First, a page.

By John Lee.
Reuters reports that Kurdistan has begun shipping oil to international markets in independent export deals that some see as paving the way to greater Kurdish autonomy.
The move is likely to further enrage the central government in Baghdad, but the involvement of two of the world's largest trading houses, Trafigura and Vitol, could make it difficult for Baghdad to retaliate, as it depends on those firms for a proportion of its refined oil imports like gasoline and diesel.
Trafigura reportedly snapped up the first cargo of Kurdish light oil, or 'condensate', offered for delivery in October via the intermediary Powertrans in a public tender.
The oil was sent by truck to Turkey, where it loaded at the start of the month.
Vitol was quick to follow, becoming the second major oil firm to buy Kurdish oil marketed independently of Baghdad, picking up a second 12,000 tonne cargo of condensate for loading at the end of the month. At around $890 a tonne, each shipment is worth over $10 million.
A spokesman for the KRG said the Kurdish condensate is being swapped for refined products with a private Turkish company with no cash involved; "what the private Turkish company does with the condensate it owns is not the responsibility of the KRG," he said.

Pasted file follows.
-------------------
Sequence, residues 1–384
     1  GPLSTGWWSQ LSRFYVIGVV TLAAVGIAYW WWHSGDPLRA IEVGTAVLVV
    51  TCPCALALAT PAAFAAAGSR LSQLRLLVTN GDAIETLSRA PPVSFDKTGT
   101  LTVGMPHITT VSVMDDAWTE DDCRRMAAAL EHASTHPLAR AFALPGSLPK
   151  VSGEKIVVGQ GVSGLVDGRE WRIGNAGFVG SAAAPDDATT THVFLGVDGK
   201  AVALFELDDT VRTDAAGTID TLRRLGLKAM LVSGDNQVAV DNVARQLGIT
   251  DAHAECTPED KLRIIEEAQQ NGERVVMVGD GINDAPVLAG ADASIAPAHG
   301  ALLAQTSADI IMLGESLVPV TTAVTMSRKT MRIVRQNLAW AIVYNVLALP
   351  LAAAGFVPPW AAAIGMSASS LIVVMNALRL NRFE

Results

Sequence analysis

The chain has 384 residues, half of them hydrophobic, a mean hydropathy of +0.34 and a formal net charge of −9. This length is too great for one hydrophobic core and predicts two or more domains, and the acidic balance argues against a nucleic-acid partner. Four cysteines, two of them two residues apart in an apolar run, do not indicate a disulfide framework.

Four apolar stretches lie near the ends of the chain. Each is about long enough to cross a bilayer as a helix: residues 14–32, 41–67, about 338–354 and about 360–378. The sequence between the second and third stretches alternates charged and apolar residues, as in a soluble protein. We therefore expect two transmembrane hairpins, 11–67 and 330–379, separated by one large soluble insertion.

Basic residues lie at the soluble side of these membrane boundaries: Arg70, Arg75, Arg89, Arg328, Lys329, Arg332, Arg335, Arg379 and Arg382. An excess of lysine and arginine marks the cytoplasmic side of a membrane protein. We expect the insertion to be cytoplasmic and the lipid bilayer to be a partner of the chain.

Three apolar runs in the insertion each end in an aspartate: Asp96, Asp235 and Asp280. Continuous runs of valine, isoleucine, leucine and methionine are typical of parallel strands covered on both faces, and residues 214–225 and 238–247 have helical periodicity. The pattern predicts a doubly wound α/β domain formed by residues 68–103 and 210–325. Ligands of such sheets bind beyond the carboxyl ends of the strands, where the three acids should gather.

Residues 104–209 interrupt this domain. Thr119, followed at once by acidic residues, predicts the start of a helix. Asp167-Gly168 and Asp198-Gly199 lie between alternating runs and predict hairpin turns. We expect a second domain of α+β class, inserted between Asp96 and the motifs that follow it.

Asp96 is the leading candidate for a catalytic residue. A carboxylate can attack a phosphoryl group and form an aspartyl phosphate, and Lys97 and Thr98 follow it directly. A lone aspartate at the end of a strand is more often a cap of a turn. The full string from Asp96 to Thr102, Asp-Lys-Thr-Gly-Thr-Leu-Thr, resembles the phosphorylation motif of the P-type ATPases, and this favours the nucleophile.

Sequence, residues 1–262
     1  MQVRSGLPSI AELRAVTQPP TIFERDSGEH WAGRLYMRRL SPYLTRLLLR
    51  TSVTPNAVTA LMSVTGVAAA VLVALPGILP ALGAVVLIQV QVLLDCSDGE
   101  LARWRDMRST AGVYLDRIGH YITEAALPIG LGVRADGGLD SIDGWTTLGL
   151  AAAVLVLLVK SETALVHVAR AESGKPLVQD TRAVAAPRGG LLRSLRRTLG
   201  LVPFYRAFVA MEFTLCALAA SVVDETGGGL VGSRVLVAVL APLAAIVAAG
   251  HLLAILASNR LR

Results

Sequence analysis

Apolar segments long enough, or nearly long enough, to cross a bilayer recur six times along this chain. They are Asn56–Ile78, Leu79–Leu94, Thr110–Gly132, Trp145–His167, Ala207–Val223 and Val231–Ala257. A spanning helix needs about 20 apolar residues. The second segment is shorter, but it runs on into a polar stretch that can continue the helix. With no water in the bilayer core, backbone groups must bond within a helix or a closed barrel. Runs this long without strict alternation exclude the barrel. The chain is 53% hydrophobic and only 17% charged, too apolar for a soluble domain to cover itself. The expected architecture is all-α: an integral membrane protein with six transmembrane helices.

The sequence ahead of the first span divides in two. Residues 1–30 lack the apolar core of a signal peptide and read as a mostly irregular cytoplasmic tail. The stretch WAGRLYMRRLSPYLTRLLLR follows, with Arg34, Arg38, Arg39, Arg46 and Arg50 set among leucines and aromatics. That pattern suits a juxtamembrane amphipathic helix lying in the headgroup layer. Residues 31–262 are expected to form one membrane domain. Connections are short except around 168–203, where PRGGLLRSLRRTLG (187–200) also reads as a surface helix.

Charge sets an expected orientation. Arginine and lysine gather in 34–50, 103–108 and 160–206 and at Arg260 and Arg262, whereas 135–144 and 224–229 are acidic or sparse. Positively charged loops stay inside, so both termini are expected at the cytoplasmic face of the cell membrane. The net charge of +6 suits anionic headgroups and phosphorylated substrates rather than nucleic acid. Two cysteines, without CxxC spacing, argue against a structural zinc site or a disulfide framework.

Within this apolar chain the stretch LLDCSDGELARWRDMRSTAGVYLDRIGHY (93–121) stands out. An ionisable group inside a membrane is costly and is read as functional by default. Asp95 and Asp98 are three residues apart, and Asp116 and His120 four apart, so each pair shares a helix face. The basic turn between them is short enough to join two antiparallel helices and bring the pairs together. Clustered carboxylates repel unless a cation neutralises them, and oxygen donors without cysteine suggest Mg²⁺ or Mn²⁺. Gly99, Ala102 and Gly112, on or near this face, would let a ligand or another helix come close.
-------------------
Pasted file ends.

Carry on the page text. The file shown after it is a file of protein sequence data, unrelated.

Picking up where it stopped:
This direct trade, which began last summer, is intended to help plug a shortfall of kerosene and diesel, which the region needs to fuel its power stations. Though endorsed by Ankara, Baghdad said the deliveries by truck were illegal.
Iraq government spokesman Ali al-Dabbagh said "Iraq maintains its right to legally pursue all those who participate in smuggling the property of the Iraqi people locally or internationally".
In contrast, just two days ago Aswat al-Iraq quoted Kurdish Natural Resources Minister Ashti Hawrami (pictured) as saying the "Kurdish region will abide by the decision to hand over produced oil to the federal government for export".
(Sources: Reuters, Aswat al-Iraq)